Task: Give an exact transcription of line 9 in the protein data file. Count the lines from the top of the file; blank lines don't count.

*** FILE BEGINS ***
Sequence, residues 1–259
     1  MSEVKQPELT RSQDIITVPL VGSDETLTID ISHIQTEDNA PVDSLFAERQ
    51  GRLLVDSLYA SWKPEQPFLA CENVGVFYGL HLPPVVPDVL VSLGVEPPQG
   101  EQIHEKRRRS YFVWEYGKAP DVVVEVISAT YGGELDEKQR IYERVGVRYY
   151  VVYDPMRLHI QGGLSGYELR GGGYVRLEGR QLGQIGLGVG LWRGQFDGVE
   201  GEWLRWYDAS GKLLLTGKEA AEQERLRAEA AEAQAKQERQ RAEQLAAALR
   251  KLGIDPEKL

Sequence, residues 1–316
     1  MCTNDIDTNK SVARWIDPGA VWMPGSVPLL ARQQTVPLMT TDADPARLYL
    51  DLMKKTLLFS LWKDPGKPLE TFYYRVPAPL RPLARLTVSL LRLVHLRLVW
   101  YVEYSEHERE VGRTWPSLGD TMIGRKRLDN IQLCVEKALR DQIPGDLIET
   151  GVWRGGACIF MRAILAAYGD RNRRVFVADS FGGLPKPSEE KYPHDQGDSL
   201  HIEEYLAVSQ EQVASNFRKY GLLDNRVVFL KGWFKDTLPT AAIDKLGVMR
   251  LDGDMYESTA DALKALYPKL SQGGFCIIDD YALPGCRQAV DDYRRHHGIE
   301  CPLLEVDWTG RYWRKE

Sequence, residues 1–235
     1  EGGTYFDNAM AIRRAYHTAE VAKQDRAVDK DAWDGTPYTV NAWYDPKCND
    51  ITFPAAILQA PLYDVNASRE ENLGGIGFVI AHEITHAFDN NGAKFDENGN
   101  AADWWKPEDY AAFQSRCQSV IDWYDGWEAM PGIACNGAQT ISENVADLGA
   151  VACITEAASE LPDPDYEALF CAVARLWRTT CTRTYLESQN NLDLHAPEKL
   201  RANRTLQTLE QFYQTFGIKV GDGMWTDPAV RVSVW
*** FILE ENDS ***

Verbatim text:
     1  MCTNDIDTNK SVARWIDPGA VWMPGSVPLL ARQQTVPLMT TDADPARLYL